“We’re looking for guys who want to be part of something bigger than themselves, play basketball as a team and be available,” Net GM Sean Marks said in May. “That goes not just for Kyrie but for everyone here.”
For the Nets, Irving’s free agency fate is one to watch as the NBA Draft and free agency approach.
More NBA News and Notes
Hawks free agent guard Lou Williams intends to continue his playing career, his agent Wallace Prather has said. “(Williams) isn’t looking to retire, and I’ll be proactive in talking to teams during free agency,” Prather said. Williams, a 17-year veteran, averaged 6.3 points and 14.3 minutes per game in 56 games last season.
Rival executives expect Hornets restricted free agent Miles Bridges to order a max – or near max – deal in July, and sources have said Charlotte is reluctant to match a max sheet. Bridges had a stellar season in 2021-22, averaging 20.2 points, seven rebounds and 3.8 assists per game. In a league that has seen wings like Golden State’s Andrew Wiggins and Boston’s Jayson Tatum and Jaylen Brown make game-changing impacts on a run to the NBA Finals, Bridges’ two-way ability on the wing has become incredibly valued for to win.
Cavaliers restricted free agent Collin Sexton has been cleared for all basketball activities, sources said. Sexton underwent surgery in November to repair a torn meniscus and made a full recovery on the eve of entering free agency. Rival executives believe Sexton’s market could be as high as $20 million a year.
The Pacers are seriously discussing trades centered on Malcolm Brogdon and Myles Turner, sources said. The Wizards and Knicks are interested in Brogdon, armed with picks No. 10 and 11 respectively, sources said. The Hornets have expressed interest in Turner, those sources said. Still, Indiana, which has the No. 6 pick in the draft, could choose to continue revamping its veteran core rather than rebuilding entirely around younger players.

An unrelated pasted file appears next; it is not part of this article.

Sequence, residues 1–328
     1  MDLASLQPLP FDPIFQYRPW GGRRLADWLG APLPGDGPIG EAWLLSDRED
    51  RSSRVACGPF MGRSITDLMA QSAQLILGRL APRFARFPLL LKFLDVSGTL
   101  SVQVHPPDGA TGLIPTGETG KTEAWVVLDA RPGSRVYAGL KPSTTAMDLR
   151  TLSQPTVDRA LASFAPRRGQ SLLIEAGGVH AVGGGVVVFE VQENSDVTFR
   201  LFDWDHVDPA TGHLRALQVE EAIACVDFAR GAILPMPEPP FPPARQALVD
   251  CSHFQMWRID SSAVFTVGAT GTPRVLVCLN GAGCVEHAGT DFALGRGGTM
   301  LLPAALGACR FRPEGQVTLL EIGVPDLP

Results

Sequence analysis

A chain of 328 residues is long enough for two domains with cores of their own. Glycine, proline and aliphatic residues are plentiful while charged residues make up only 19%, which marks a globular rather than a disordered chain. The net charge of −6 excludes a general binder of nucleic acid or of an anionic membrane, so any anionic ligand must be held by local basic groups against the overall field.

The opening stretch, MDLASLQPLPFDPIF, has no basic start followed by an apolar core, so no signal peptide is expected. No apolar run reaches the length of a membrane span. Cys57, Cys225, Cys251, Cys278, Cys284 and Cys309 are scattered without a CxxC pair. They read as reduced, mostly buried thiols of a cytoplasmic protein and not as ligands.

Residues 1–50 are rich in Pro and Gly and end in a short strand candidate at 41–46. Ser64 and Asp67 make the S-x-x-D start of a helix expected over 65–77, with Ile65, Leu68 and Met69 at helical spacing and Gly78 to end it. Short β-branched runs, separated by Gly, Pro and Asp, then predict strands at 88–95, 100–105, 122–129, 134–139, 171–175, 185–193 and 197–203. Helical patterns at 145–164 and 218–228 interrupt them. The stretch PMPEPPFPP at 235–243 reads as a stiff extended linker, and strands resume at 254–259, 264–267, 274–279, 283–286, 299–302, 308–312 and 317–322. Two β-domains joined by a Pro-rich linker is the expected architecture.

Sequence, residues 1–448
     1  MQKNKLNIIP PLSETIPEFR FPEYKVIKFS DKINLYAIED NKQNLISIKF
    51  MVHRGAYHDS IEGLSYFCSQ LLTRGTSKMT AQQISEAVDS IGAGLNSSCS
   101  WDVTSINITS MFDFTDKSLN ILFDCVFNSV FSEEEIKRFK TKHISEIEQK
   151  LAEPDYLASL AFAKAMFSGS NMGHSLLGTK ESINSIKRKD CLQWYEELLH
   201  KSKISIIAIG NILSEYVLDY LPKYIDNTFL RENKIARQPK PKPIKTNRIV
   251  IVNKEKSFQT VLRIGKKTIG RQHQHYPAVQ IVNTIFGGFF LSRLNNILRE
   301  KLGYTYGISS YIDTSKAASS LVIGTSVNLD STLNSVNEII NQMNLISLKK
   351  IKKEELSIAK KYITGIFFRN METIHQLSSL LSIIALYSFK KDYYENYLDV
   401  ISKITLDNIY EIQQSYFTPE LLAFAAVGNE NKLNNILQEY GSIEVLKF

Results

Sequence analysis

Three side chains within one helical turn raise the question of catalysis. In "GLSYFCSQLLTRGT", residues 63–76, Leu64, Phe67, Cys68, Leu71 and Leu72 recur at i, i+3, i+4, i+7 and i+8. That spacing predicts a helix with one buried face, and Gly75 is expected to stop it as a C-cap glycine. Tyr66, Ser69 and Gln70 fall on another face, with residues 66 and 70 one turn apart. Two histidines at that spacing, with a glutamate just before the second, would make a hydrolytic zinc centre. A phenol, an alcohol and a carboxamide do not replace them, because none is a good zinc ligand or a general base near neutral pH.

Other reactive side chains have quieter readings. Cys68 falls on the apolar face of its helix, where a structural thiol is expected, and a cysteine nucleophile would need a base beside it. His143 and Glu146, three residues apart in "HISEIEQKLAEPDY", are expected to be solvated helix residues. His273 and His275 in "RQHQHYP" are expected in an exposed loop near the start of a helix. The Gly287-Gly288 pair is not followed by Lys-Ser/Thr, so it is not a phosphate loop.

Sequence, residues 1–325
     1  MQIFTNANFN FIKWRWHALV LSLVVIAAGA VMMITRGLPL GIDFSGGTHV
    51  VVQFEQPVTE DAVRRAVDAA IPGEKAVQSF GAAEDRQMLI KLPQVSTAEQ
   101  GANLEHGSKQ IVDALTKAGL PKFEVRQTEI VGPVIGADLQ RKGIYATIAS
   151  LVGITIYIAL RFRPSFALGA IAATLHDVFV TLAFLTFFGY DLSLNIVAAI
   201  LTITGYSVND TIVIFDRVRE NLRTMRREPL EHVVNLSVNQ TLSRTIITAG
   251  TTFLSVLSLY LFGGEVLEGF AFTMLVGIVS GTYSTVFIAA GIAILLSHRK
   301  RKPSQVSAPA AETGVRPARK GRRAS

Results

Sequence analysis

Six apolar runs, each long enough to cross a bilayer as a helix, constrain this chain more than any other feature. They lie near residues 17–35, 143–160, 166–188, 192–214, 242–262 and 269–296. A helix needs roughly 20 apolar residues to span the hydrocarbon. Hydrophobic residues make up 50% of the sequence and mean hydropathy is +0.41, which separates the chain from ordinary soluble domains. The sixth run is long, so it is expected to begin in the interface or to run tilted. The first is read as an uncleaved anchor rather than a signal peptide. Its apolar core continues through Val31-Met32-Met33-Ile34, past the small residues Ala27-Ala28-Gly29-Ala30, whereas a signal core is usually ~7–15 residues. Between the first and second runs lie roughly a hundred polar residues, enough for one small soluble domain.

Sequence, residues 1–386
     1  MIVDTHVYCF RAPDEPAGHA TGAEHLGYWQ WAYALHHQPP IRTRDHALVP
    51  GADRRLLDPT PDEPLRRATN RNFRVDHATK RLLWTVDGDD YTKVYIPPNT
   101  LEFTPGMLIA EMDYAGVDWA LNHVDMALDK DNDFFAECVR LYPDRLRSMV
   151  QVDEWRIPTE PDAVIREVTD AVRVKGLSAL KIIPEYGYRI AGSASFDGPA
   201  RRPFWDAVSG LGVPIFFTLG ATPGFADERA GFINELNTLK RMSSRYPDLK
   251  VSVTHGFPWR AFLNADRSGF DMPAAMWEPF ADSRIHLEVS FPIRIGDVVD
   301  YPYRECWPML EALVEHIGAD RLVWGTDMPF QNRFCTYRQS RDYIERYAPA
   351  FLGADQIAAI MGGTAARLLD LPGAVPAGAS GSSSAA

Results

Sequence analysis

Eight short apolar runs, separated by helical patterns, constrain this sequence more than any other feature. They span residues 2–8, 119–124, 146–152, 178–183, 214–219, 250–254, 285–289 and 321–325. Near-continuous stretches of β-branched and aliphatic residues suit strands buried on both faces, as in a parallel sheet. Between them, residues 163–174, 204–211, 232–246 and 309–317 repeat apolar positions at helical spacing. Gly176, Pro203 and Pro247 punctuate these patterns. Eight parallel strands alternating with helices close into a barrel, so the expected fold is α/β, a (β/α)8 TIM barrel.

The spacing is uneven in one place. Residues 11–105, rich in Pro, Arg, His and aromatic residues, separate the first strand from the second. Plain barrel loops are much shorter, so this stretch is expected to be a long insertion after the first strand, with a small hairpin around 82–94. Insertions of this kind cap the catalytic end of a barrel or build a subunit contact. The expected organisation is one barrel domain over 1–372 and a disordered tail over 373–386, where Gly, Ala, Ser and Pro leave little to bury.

The Timberwolves have discussed deals around veteran centers, including Atlanta’s Clint Capela, sources said.
The Kings are increasingly comfortable in the draft at No. 4 in Thursday’s draft and have described a steep price tag for teams behind them in the lottery trying to trade, sources said. Sacramento general manager Monte McNair has engaged in conversations around Hawks forward John Collins – among a host of other established and productive players in the market – but the No. 4 pick has not been involved in the talks centered on Collins, and McNair will ultimately make the decision on the pick, sources say.
Sources said the Jazz are planning second interviews with almost all of their 15 head coach candidates as the next step in the process.
The 15 head coaching candidates are: Knicks assistant Johnnie Bryant; current assistant Alex Jensen; current assistant Lamar Skeeter; Raptors assistant Adrian Griffin; Celtics assistant Will Hardy; Bucks assistant Charles Lee; thermal wizard Chris Quinn; Mavericks assistant Sean Sweeney; Celtics assistant Joe Mazzulla; Pistons assistant Jerome Allen; 76ers assistant Sam Cassell; Suns assistant Kevin Young; G League head coach Jason Terry; former Lakers coach Frank Vogel; and former Trail Blazers coach Terry Stotts.
• Auburn’s Jabari Smith, who practiced and met the Magic (No 1) and Thunder (No 2) during the pre-draft process, is a virtual lock to get into the top two in the draft . He remains a favorite to go No. 1.
• Kentucky’s Shaedon Sharpe is the mystery man in the NBA draft. Sharpe is a projected high lottery pick, and sources say he conducted solid group practices such as three-on-three and four-on-four scrums to show his ability to teams that haven’t seen him play basketball. -ball organized over the last year or two. Instead of conducting individual workouts, Sharpe sought out the competition, working for teams between the No. 1-13 draft ranges.
• G League Ignite’s Michael Foster will eventually work for 15 teams, with his 6ft 9in build and expected versatility at the top level making him a candidate to be a draft sleeper. In 13 games for the Ignite last season, Foster averaged 14.8 points and a team-high 8.7 rebounds per game.